Organizations Lose $1.3 Trillion by Not Engaging in Social Media

I was shocked. Two presidents of organizations began using Twitter in the past two months. These are presidents I know well, leaders who for years saw no value in Twitter or other social media. As one told me, he had moved over to the dark side.

These leaders are not alone. Only 20 of the CEOs of Fortune 500 companies engage in Twitter. But my guess is that many of them will be moving to “the dark side” as well. The evidence is building rapidly. Your organization is at a distinct disadvantage if it does not embrace social media with enthusiasm.

A new study by the highly regarded McKinsey and Company should move even some of the deepest skeptics. Their research found that, while 72 percent of organizations use some form of social media, very few embrace it strategically. As a consequence, the productivity lost in these companies could be as high as $1.3 trillion. That’s a lot of zeros. In fact, if those dollars were the gross domestic product (GDP) of a country, its economy would be the 14thlargest in the world.

The McKinsey study notes that organizations lose both interaction within the company and connection outside the company if they do not engage social media with enthusiasm. Collaboration opportunities are lost and intimate customer connections are forfeited.

While I’m sure the organization I lead could improve greatly, we strategically embraced social media several years ago. Allow me to share four principles I have learned to this point.

1. Embracing social media begins at the top. While social media is a great equalizer, an organization will not embrace it corporately unless the leader of the organization gives his or her tacit permission. My enthusiastic involvement in social media sent a clear message that it was important for the entire organization.

2. An open attitude for the organization is worth the risk. When a large number of employees are active in social media speaking on behalf of the organization, the risks are obvious. We still encourage blogs, tweets, Facebook posts, and other social media interaction. The rewards are greater than the risks.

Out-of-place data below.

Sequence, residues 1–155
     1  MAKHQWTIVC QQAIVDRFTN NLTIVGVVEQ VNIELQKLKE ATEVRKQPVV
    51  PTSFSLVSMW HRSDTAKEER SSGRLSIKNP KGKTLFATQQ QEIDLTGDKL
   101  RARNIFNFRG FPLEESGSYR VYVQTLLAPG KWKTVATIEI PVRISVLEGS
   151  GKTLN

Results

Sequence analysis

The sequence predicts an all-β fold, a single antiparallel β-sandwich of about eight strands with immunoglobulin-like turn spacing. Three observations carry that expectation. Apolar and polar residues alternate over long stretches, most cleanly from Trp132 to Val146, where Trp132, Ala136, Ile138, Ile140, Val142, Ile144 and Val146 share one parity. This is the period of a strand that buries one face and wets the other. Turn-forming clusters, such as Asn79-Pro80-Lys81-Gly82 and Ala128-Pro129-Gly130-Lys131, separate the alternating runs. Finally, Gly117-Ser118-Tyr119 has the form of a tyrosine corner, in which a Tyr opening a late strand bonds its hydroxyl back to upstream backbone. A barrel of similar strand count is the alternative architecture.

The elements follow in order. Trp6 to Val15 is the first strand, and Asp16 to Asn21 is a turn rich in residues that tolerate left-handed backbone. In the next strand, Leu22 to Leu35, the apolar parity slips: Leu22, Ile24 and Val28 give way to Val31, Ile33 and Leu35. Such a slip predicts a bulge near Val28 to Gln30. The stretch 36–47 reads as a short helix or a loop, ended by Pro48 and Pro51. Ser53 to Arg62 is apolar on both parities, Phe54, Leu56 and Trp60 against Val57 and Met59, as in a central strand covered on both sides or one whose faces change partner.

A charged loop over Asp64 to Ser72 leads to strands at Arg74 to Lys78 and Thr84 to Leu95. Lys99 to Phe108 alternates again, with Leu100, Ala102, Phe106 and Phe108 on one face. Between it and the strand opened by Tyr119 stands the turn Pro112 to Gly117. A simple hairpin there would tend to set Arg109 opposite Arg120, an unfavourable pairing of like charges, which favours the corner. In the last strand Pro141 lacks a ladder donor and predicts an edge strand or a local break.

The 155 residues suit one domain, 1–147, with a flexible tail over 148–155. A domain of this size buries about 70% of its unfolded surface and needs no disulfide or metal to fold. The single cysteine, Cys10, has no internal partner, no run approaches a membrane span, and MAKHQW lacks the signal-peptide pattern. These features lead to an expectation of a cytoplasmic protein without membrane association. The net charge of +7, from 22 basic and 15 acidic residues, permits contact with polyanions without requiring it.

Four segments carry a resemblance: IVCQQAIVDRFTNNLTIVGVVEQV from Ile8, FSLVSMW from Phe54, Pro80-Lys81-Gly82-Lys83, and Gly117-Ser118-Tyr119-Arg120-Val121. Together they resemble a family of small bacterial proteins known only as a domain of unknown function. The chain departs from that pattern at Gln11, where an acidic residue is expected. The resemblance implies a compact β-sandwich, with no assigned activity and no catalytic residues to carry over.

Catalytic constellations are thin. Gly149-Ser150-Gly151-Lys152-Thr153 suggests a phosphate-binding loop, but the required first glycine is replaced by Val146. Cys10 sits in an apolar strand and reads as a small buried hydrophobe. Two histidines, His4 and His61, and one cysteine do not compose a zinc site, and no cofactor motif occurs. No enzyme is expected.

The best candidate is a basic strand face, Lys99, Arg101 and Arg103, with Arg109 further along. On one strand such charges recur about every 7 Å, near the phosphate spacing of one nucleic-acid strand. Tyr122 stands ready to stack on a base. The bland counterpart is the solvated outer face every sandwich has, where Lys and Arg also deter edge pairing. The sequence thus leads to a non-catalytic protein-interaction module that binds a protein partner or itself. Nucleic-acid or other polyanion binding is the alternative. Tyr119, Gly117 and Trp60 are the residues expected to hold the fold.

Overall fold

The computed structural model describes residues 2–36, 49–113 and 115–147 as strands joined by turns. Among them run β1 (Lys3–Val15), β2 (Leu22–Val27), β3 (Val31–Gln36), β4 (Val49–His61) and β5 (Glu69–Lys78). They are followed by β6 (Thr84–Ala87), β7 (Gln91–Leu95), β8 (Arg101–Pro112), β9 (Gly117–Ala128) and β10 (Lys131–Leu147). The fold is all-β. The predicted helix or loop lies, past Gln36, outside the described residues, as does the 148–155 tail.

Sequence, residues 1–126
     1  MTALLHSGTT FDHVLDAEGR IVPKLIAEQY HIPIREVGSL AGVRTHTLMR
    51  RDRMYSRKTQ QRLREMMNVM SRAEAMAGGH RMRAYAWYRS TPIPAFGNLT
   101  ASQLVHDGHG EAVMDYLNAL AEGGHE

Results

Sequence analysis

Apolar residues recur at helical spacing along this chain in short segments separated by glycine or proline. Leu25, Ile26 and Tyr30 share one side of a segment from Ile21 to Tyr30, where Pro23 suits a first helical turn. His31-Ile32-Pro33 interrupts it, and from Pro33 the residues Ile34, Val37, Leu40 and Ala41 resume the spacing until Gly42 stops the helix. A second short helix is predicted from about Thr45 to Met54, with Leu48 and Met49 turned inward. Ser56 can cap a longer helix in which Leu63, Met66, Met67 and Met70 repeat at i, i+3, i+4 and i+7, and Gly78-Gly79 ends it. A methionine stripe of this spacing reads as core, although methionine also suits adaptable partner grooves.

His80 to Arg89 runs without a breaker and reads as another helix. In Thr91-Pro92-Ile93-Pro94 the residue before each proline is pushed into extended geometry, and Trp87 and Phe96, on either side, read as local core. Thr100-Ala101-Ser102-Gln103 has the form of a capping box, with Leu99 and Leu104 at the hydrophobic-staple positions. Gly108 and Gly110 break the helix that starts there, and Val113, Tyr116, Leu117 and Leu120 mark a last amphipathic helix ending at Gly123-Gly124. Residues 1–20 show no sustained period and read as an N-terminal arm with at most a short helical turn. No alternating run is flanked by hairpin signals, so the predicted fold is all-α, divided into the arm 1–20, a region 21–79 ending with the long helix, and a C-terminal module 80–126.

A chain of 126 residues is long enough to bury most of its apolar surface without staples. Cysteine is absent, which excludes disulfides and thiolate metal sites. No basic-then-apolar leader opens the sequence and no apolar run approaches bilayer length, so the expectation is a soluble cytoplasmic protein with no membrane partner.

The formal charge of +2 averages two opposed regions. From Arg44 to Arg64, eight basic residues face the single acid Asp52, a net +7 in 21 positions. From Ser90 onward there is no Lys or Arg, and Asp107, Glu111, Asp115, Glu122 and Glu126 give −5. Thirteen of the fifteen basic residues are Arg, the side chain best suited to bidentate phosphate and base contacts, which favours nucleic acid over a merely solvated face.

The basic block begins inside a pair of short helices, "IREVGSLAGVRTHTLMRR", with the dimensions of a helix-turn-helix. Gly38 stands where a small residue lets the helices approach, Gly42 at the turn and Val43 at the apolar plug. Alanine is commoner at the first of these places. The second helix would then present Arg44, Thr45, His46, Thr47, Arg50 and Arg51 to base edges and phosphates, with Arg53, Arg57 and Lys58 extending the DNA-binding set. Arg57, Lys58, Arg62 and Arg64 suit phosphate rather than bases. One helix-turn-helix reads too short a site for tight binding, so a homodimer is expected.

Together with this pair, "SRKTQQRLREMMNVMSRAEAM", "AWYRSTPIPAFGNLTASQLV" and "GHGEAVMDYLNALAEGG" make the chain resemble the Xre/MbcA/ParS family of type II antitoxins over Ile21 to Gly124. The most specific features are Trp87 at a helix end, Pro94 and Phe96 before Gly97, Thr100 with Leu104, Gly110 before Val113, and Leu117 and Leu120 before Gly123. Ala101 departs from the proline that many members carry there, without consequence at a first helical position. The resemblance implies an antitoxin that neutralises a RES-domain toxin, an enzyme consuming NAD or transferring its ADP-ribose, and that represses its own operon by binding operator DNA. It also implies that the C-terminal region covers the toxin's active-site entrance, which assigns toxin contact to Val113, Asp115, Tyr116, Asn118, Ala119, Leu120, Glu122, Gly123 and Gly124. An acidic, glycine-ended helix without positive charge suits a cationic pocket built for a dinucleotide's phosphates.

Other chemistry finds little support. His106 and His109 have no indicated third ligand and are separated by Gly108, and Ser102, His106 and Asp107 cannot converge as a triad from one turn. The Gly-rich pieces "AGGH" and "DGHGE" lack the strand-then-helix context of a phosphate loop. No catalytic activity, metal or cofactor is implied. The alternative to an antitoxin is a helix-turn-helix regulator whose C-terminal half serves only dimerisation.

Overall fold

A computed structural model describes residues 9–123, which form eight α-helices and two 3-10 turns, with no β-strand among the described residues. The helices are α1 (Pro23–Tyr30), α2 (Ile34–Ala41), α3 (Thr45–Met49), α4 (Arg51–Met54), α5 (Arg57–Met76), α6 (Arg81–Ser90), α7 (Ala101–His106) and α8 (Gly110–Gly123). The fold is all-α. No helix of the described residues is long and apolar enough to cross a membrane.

3. Guidelines are good, but they must not be too restrictive. We do have social medial guidelines, but we understand that too many rules go counter to the openness of social media. We feel that our balance is pretty good. We have many employees engaged in social media; and we have spoken to unwise engagement only four or five times in the past five years.

4. We often make heroes of those who engage in social media well. On many occasions, an employee has engaged in social media in such a way that we think it’s worth telling the story about what he or she did. Those stories eventually become part of the organization’s culture and, consequently, encourage others to do so as well.

Leaders and organizations will ignore social media to their own peril. Ryan Holmes, author of the article about McKinsey’s research, notes: “It seems noteworthy that the report’s conclusions have been echoed of late from the most authoritative of places: Wall Street. In the last year, the world’s largest enterprise software companies–Google, Microsoft, Salesforce, Adobe, and even Ellison’s own Oracle–have spent upward of $2.5 billion snatching up social media tools to add to their enterprise suites. Even Twitter-phobic CEOs may have a hard time ignoring that business case.”